Modern Slavery, Human Trafficking and Human Rights Risks in the Global Supply Chain
Labour rights in the global electronics industry
In advance of International Human Rights Day this Saturday 10 December, this hub seeks to shine a light on labour rights abuses in the global electronics industry, while profiling some potential solutions.
In partnership with People & Planet, we've sought to bring forward voices from electronics producing countries in the Global South, while highlighting the responsibility buyers in the Global North have to drive change, and the opportunities for solidarity action from students and others. At a time when many Corporate Social Responsibility initiatives exist primarily as marketing exercises, we want to promote the organizations, activists and workers who are building effective solutions to systemic issues.
The possibility of workers’ rights and climate justice movements responding together provides hope, writes Dalia Gebrial.
What do Google, Uber, and Facebook have in common? You might think that the answer is that they are all technology companies. But actually it is that they all pretend to be technology companies. This shared lie amongst platform companies is both bad for workers and bad for users of those platforms, Mark Graham writes.
It’s not elves, but underpaid Chinese workers working around the clock that will enable you to unwrap your presents, writes Amoge Ukaegbu.
Ethical supply chain audits can enable business as usual under the veneer of corporate responsibility, write Genevieve LeBaron and Jane Lister.
Samsung has a secret... and so do I.
Samsung can never see my face: story of a secret trade unionist
Samsung has a reputation for modern technology, but also a history of medieval conditions for its estimated 1.5 million workers. An anonymous worker risks all to organize. Read his blog.
After its long history of standing up against injustice, the student movement is taking on the issue of modern slavery, writes Chris Jarvis.
Scholar James Harrison critically explores the problem of how to make sure future trade agreements include environmental and social protections. Interview by Chris Jarvis.
An alternative global strategy for the protection and promotion of workers’ human rights in ICT supply chains is emerging, writes David Foust Rodríguez.
Anibel Ferus-Comelo explains how a disposable workforce is bearing the brunt of Indian economic growth.
More and more people are displaced for environmental reasons, yet we are still to act to mitigate climate change or help those forced to move, writes Daniel Macmillen Voskoboynik.
Poor working conditions and violations of labour standards are widespread in the electronics supply chain, and that must change, writes Dr Gale Raj-Reichert.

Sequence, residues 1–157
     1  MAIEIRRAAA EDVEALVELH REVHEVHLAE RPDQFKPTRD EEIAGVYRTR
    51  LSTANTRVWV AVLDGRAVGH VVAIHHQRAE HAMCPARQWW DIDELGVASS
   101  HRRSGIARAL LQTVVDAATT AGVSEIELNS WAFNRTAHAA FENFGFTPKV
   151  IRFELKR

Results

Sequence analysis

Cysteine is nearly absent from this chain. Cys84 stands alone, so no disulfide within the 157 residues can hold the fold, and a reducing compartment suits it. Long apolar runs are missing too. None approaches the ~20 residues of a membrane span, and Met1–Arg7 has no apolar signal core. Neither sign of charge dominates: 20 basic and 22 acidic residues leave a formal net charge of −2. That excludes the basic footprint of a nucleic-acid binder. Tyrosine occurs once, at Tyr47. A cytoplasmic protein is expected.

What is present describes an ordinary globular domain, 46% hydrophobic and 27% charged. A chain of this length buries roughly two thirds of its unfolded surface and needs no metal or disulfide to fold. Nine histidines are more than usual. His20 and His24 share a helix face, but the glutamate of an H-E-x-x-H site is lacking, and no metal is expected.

The BHRE Research Group, the London Universities Purchasing Consortium (LUPC) and Electronics Watch are organising the third Greenwich Symposium on responsible public procurement. This year they will be focusing on Modern Slavery, Human Trafficking and Human Rights Risks in the Global Supply Chain. Find out more.
Chemical poisoning in China
Occupational chemical poisoning in the electronics industry in the Pearl River Delta, People’s Republic of China, by GoodElectronics. Read the report.
Asia Monitor Resource Centre
An independent non-governmental organisation (NGO) which focuses on Asian labour concerns. Find out more.
Samsung Exposed - Modern Tech, Medieval Conditions
Samsung is one of the largest and best known companies in the world, but no corporate giant can be allowed to operate with disregard for the lives of people, by the International Trade Union Commission. Read the report.
Working conditions in Mexico
On 18 July 2016, the Centre for Reflection and Action on Labour Issues (CEREAL-Guadalajara) released its seventh annual report on working conditions in the Mexican electronics industry. Find out more.
Mapping supply chains
Improving working conditions in the global electronics industry, "The ICT sector in the spotlight" by Electronics Watch. Read the report.
Forced student labour
Western European universities spend billions on IT equipment produced by young Chinese students who are forced to work on production lines during so-called internships, GoodElectronics. Find out more.
An estimated 1,500,000 workers are entrenched in a vast and shadowy web of subcontractors and subsidiaries that runs deep throughout the region. Find out more.
New Internationalist is a multi-award winning, independent, non-profit media co-operative. For over 40 years, we’ve specialized in investigative reporting, publishing our magazine and books on human rights, politics, social and environmental justice.
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Working with our international network of writers, bloggers, campaigners and others we tell unreported stories from the Global South and help readers make sense of our complex and changing world.
May 2016, Issue 492